Changes in ionosphere observed during solar eclipse



Changes in ionosphere observed during solar eclipse Mumbai: Significant changes in the lowest part of earth-ionosphere have been observed by the scientists from the Indian Institute of Geomagnetism (IIG) who conducted experiments on Very Low Frequency (VLF) radiowaves for the first time during total solar eclipse (TSE) on July 22.

The scientists monitored very low frequency (VLF) radiowaves travelling long distances through the earth-ionosphere wave guide and found increase in VLF signal strength during TSE at around 50 to 60 kms above the earth.

IIG Scientists campaigned to record at Allahabad, Varanasi, and Nainital, VLF radio wave signals transmitted from Japan, Australia and a place near Tirunelveli in Tamil Nadu, using special receivers, its director Dr Archana Bhattacharyya said.

"The VLF signals that were monitored had frequencies around 20 kHz, and travel long distances through the earth-ionosphere wave guide, undergoing reflections from the lowest part of the ionosphere, the D region," Bhattacharyya said.

VLF radio wave signals are usually used for communication with submarines immersed in sea which is electrically conducting and hence would attenuate higher frequency radiowaves.

These three stations -- Allahabad, Varanasi and Nainital -- are also part of a global network of VLF recording stations with AWESOME (Atmospheric Weather Electromagnetic System for Observation, Modeling, and Education) receivers, a collaboration started by Stanford University, USA during the International Heliophysical Year.

IIG also found that during the TSE, there was no production of ionisation in the ionosphere and the ions and electrons in the lowest part of the ionosphere recombined at a rapid rate causing the electron density in the 'D' region of the ionosphere to decrease significantly, she said.

"The scientists found that the VLF signal amplitude was very much enhanced because there was no production of ionisation during TSE and at the same time the existing electrons and ions recombined rapidly," Bhattacharyya said.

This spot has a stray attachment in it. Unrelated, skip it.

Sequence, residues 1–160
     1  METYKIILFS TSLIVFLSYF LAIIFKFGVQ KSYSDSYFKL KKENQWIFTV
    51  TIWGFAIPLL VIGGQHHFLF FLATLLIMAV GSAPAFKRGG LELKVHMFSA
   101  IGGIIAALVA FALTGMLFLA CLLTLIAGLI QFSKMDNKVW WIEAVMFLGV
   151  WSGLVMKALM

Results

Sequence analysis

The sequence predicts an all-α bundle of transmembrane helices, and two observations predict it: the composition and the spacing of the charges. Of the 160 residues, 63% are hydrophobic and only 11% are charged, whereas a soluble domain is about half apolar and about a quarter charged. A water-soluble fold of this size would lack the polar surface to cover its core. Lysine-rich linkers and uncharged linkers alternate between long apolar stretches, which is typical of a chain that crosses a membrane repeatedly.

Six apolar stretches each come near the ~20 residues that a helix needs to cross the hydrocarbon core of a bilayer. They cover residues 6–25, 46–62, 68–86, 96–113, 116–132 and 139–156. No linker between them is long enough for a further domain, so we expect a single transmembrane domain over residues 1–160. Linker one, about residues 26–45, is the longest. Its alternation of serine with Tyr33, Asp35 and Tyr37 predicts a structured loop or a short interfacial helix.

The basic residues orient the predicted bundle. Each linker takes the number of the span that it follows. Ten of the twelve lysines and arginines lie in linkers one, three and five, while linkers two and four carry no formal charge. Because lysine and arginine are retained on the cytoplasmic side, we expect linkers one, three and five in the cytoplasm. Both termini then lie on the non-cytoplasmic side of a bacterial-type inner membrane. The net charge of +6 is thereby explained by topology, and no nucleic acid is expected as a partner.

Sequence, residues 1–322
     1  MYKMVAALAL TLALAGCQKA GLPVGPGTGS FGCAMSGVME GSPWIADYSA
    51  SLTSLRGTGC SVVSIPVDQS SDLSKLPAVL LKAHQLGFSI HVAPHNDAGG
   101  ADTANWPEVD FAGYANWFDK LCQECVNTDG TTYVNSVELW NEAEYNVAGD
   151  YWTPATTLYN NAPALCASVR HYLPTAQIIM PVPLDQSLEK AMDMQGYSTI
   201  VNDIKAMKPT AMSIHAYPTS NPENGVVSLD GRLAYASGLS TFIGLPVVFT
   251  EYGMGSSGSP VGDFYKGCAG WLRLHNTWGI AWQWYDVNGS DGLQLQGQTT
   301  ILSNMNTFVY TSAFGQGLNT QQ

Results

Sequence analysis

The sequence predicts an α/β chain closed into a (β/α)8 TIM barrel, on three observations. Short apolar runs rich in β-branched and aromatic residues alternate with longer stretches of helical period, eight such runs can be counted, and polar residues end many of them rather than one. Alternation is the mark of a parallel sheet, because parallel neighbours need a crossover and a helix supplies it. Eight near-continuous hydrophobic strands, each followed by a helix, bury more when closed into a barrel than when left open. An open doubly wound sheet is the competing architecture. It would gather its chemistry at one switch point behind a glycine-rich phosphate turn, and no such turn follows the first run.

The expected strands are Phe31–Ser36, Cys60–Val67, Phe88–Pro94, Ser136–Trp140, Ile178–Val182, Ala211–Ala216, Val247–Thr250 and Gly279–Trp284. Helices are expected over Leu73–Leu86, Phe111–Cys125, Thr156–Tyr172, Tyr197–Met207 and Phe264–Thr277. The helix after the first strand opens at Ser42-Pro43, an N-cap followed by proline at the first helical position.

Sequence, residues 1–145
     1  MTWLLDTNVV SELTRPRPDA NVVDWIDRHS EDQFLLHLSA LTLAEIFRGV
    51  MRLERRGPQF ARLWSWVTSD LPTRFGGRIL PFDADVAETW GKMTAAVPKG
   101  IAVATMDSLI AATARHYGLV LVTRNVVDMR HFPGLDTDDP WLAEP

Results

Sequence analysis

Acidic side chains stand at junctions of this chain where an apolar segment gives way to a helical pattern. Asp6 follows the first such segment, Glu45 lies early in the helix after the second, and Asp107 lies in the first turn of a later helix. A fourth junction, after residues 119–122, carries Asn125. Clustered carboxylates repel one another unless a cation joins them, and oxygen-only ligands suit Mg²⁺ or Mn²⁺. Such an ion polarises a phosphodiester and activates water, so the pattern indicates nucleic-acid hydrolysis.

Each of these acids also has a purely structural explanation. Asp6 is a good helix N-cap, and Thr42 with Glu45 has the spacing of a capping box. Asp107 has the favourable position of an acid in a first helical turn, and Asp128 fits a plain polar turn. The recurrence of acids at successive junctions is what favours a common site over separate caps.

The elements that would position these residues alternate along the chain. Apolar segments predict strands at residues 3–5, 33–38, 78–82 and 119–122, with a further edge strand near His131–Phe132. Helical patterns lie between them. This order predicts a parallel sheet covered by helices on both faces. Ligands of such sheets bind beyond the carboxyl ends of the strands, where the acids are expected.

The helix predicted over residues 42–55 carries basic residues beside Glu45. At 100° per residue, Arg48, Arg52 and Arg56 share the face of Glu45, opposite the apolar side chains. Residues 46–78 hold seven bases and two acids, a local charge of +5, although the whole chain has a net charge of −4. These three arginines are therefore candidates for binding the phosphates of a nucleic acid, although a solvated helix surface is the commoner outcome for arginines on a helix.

For the signal from Japan to Allahabad and Varanasi, the propagation paths were largely along the solar eclipse totality path. At these two stations large increases in the strength of the signal were observed around the time of the TSE as compared to a control day, said Bhattacharyya.

This is attributed to the significant decrease in the electron density in the 'D' region of the ionosphere and the simultaneous increase in the width of the earth-ionosphere wave guide during the TSE.

This is only preliminary analysis and further modelling is being done with the data collected during the TSE, she said.

"Observations of ultra-low frequency (ULF) variations in the magnetic field carried out by the IIG scientists at Bhagalpur using an induction coil magnetometer during the TSE showed a decrease in the amplitude of the so-called Schumann resonance," she said.

Schumann resonance is a global resonance at a frequency of about 8Hz caused by lightning discharges in the electromagnetic resonant cavity formed by the surface of the earth and earth's ionosphere, Bhattacharya added.

All these observations need further analysis and modelling, she said.

This is the first time Indian scientists have conducted these types of experiments during this rare celestial event, she said adding the team of IIG scientists who made the observations of the effects of total solar eclipse on ULF and VLF electromagnetic waves are AK Sinha at Bhagalpur, Rajesh Singh, B Veenadhari, and P Vohat at Allahabad, and AK Maurya at Nainital.

Simultaneously, scientists from Banaras Hindu University in Varanasi and ARIES in Nainital also took part in the VLF radio wave observations, she said.

Bureau Report